Part of A Practical Guide to HIV Drug Side Effects
Diarrhea -- an increase in the frequency and decrease in the consistency of stools -- can be caused by many antiretrovirals. This is an important side effect to keep in check, and any diarrhea that is frequent, watery or lasts for more than a couple of days should always be reported to your doctor.
In other words, a large number of meds can be implicated in the problem of diarrhea. Obviously, combining these meds can make it difficult to tease out a single culprit. If the onset or sudden worsening of diarrhea is tied closely to beginning a medicine, it's a likely suspect. In some cases, the diarrhea may diminish after a period of time on the drug, but too often it will become your daily companion.
Tips for Handling DiarrheaIf switching drugs is possible, that may be the best solution and will usually result in a quick resolution of the problem. However, since more than one cause often contributes, truly effective treatment requires aggressive diagnosis to pin down all possible factors. In addition to medicines, these can include:
When all causes can't be eliminated, using standard anti-diarrheal agents, such as the following, may help relieve symptoms:
Here are some other options for the runs:
For diarrhea caused by protease inhibitors (PIs):
Increasing your intake of foods that contain soluble fibre can help since they absorb water and expand, binding together the intestinal contents. This bulks up the stool and slows the passage of food, particularly when there is a lot of fluid in the stool. Examples of foods that contain soluble fibre include the following:
Fibre intake should be slowly increased to help limit the increase in intestinal gas that it can cause.
For as long as diarrhea continues, it is crucial to:
Remember that it is crucial to prevent dehydration when you are suffering from diarrhea, regardless of the cause. Drinking lots of water daily is very important. You should consume at least 1.5 litres of water every day.
With serious diarrhea, it is important to rebalance the body's electrolytes, including sodium, potassium and chloride. Drinking vegetable and fruit juices, nectars or broths (diluted with water to enhance absorption) can help. However, more concentrated sources of electrolyte minerals may be needed. Gatorade is often recommended but it is not a very concentrated source of the minerals and is also loaded with sugar, which could actually worsen the diarrhea. Infalyte and BestLyte are better choices.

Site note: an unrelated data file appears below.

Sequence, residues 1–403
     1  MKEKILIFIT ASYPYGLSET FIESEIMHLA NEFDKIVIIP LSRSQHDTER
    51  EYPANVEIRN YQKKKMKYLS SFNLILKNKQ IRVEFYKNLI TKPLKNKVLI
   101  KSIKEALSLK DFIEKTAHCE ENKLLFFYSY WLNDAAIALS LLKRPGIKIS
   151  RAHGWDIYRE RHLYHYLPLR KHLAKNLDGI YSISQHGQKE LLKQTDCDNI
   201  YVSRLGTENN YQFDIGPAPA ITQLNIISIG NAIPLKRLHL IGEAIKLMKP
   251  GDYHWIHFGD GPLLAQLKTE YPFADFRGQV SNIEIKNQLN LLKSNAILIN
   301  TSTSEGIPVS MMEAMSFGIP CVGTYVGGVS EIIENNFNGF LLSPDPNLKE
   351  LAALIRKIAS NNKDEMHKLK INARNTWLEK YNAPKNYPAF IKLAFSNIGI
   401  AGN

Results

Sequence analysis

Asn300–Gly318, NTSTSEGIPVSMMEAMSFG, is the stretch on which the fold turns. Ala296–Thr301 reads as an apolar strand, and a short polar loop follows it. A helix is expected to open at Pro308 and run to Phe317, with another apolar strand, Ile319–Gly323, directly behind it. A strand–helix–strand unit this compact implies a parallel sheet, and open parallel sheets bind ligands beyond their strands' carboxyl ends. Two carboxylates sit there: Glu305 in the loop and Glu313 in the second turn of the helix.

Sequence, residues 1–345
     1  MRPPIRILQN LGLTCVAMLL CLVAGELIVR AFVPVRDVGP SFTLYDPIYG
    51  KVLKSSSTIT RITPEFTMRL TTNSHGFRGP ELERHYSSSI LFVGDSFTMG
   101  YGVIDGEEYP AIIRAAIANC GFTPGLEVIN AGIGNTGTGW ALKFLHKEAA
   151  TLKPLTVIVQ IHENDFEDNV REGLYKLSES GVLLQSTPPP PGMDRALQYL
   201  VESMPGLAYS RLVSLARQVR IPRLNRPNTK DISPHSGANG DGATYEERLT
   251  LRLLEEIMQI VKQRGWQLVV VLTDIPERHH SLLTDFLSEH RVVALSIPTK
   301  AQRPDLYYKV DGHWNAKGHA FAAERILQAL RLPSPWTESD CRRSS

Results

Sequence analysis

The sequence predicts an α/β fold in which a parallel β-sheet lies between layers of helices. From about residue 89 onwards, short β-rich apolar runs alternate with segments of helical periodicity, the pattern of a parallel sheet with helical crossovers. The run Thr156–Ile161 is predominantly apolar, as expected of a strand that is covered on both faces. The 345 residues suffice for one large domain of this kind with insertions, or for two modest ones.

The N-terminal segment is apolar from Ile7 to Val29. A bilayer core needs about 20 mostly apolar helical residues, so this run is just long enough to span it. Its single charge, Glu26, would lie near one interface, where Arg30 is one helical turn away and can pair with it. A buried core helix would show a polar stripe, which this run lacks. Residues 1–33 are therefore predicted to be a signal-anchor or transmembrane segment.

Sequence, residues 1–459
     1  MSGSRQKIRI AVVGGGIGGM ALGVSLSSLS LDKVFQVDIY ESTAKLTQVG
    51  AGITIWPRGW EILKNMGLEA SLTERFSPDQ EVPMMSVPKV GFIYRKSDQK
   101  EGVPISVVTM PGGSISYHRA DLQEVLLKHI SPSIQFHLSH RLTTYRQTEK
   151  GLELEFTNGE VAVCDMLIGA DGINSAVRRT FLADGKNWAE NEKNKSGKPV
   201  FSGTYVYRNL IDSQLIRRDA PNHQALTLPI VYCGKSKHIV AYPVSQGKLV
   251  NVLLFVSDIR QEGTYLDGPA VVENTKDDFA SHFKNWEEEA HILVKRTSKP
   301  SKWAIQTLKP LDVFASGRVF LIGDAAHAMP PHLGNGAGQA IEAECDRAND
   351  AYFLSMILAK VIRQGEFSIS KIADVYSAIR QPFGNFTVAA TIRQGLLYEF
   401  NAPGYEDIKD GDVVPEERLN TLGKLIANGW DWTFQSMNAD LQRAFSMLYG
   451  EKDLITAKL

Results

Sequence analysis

Another possibility is the use of the oral rehydration salts recommended by the World Health Organization, which are available through many pharmacies at low cost. The other inexpensive option is to mix your own solution with a teaspoon of light salt (which contains potassium mixed with sodium) and a quart of orange juice or apricot, peach or pear nectar (diluted with water); sweeten with a tablespoon of pasteurized honey, if desired. To add soluble fibre to this mix, dilute the nectar half and half with rice water (made by boiling four parts water and one part rice until the rice is tender, and then straining off the rice water). This rice water can also be drunk on its own as a source of both hydration and soluble fibre.
The following foods and liquids should be avoided because they can make diarrhea worse. Try to eliminate or at least cut back on these as much as possible:
This article was provided by Canadian AIDS Treatment Information Exchange. Visit CATIE's Web site to find out more about their activities, publications and services.